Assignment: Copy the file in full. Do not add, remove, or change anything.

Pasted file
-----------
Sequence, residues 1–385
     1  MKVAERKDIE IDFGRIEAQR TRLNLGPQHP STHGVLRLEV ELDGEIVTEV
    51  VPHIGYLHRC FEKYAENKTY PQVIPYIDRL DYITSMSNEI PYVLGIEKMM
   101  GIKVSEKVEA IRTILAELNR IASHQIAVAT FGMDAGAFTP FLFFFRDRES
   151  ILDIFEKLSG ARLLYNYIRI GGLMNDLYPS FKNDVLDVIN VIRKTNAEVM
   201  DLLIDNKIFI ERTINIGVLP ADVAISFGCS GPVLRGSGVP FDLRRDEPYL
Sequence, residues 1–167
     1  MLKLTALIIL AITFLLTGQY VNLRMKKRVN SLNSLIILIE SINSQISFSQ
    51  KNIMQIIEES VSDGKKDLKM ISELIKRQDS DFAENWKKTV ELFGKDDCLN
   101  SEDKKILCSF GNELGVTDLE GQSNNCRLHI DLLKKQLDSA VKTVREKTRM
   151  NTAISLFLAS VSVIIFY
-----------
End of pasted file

Sequence, residues 1–385
     1  MKVAERKDIE IDFGRIEAQR TRLNLGPQHP STHGVLRLEV ELDGEIVTEV
    51  VPHIGYLHRC FEKYAENKTY PQVIPYIDRL DYITSMSNEI PYVLGIEKMM
   101  GIKVSEKVEA IRTILAELNR IASHQIAVAT FGMDAGAFTP FLFFFRDRES
   151  ILDIFEKLSG ARLLYNYIRI GGLMNDLYPS FKNDVLDVIN VIRKTNAEVM
   201  DLLIDNKIFI ERTINIGVLP ADVAISFGCS GPVLRGSGVP FDLRRDEPYL
Sequence, residues 1–167
     1  MLKLTALIIL AITFLLTGQY VNLRMKKRVN SLNSLIILIE SINSQISFSQ
    51  KNIMQIIEES VSDGKKDLKM ISELIKRQDS DFAENWKKTV ELFGKDDCLN
   101  SEDKKILCSF GNELGVTDLE GQSNNCRLHI DLLKKQLDSA VKTVREKTRM
   151  NTAISLFLAS VSVIIFY